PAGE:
"Bondage...in the uncultivated savage is to his consciousness very small....What he struggles against is the bondage of physical nature, the lack of physical gratification...(his) mind being very little developed. The vast mass of humanity is very little removed from the animals. Not only so, but in many instances, the power of control in them is little higher than that of the lower animals." - Swami Vivekananda



















































VEDANTA MASS MEDIAObama's election demonstrates maturity of American democracy  







Obama's election demonstrates maturity of American democracy



      By Madhu Yaskhi

     The victory of Barack Obama in the US presidential elections signifies once again the depth and maturity of American democracy. For a country which until the early 1920s didn't allow women to vote and had seen multiple suffrage movements to disband all restrictions on race, religion and property to exercise the right to vote, having an African American president is indeed revolutionary.


     This victory lifts the spirits of not just millions of people in America but of the poor, downtrodden and politically sidelined hundreds of millions all over the world. Change has arrived in America and this will hopefully herald and hasten change across the world. And that is what this election will be rightly remembered for.


     The new president faces the toughest economic challenges that any president has perhaps faced in the past 50 years. The debate on Wall Street and Main Street notwithstanding, president Obama will be primarily working on ensuring that Americans can keep their homes, pay their bills, send their children to school and be able to afford healthcare. The new administration should also try strike the fine balance between the need for tighter regulation and control and the need to let American industry thrive and prosper in an environment of innovation and enterprise. While the former is needed for today, the latter is what would make their tomorrow bright.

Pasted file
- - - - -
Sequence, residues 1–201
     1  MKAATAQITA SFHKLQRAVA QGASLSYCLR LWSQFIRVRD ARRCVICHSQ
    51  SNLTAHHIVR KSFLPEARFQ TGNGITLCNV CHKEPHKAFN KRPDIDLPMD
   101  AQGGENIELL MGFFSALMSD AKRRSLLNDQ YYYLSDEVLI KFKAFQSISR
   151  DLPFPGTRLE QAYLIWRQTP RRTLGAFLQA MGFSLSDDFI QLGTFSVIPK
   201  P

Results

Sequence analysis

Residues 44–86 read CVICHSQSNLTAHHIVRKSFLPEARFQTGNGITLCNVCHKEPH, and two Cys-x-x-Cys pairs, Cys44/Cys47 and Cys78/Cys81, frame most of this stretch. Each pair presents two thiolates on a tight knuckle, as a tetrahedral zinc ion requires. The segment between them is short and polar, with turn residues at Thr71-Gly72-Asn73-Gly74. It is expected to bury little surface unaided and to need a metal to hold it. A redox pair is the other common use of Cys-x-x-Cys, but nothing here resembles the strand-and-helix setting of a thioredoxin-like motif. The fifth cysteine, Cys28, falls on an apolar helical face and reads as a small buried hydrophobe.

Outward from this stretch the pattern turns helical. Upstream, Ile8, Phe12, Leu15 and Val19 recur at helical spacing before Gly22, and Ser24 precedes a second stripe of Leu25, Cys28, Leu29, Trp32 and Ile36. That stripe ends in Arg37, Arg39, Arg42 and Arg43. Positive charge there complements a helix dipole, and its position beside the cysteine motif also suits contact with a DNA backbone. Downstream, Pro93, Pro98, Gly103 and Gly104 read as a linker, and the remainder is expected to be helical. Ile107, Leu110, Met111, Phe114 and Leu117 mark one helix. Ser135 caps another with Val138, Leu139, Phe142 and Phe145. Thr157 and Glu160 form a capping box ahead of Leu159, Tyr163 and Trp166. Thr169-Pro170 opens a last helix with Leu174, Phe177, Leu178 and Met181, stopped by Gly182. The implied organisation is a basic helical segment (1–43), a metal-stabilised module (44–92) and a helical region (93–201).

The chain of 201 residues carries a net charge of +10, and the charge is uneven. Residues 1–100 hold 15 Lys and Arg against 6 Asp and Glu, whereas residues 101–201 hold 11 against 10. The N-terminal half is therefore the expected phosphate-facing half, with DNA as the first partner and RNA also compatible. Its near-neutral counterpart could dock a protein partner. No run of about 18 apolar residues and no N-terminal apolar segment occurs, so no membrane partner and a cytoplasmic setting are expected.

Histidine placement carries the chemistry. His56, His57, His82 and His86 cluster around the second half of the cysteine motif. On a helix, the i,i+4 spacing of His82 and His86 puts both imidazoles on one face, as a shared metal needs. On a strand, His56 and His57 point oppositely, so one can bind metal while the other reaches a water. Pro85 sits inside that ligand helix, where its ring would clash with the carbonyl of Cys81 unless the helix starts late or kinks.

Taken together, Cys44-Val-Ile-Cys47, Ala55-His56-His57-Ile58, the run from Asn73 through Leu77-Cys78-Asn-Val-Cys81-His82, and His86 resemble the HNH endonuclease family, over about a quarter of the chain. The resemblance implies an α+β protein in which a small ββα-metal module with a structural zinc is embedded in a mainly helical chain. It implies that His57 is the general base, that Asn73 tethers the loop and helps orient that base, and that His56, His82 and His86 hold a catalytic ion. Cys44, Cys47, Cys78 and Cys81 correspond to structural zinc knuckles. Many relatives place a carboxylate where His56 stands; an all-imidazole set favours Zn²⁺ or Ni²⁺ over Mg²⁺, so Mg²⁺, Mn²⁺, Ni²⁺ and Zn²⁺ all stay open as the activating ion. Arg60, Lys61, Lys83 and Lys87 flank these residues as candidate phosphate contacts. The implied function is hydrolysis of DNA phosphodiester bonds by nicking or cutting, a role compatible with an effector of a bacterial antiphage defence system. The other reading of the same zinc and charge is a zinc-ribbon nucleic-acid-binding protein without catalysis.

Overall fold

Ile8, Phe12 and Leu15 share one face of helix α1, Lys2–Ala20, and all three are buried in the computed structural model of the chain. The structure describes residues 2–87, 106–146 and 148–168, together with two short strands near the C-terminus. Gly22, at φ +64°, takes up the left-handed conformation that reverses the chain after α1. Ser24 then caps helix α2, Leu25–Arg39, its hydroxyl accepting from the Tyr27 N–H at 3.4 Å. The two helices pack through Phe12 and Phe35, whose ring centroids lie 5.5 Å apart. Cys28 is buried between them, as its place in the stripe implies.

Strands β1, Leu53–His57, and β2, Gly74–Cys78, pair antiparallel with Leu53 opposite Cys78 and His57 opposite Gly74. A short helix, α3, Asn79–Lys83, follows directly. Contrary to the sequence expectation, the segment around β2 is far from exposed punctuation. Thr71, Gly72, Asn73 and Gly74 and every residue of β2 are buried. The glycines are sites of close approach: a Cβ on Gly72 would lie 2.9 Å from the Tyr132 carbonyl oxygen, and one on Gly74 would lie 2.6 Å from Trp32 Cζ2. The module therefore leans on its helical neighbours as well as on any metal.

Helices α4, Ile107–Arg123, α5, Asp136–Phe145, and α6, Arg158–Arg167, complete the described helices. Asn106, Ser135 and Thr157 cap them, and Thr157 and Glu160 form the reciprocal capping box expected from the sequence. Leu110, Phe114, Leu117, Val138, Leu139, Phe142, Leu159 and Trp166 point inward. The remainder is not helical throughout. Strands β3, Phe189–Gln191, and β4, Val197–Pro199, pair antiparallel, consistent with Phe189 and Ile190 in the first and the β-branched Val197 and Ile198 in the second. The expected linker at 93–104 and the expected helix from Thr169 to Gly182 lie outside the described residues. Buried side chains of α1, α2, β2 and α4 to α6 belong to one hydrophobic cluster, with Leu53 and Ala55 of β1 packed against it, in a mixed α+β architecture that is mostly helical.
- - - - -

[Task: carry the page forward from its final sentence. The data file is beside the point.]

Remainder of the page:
The United States has lost a lot of friends in the last few years. Making amends to this will be the new president's most formidable task in the international arena. His administration should reach out, not just in words but in actions, and has to do so with a firm sense of conviction. It has relations to rebuild in countries and communities all over the world and this is not going to be an easy task either.


     As an active participant in the Indian polity, let me highlight one aspect that we as Indians need to appreciate. After one of the most bitterly fought presidential elections, Senator John McCain graciously admitted defeat and offered to work with the new president-elect while Obama promised that he would listen to everyone's opinion and that he would be everybody's president. All divisions ended after the polls and they presented one face to the world - that of the United States - and not of two parties, two states or two races.


     Obama also noted that President Bush had "graciously" offered his full support and assistance to him during the transition period.


     "This speaks to a fundamental recognition that here in America we can compete vigorously in elections and challenge each other's ideas, yet come together in service of a common purpose once the voting is done," he said.


     This is a lesson that Indian political parties need to draw on if we want to mature as a democracy.


     (Madhu Goud Yaskhi is a Member of Parliament in India who also ran a law practice in New York. He can be contacted at madhu@madhuyaskhi.com )




     Indo-Asian News Service





     Prabuddha Bharata>>>

     Vedanta Kesari>>>

     Vedanta Mass Media>>>






























































































International Yoga Day 21 June 2015
International Yoga Day 21 June 2015























































































































Яндекс цитирования Rambler's Top100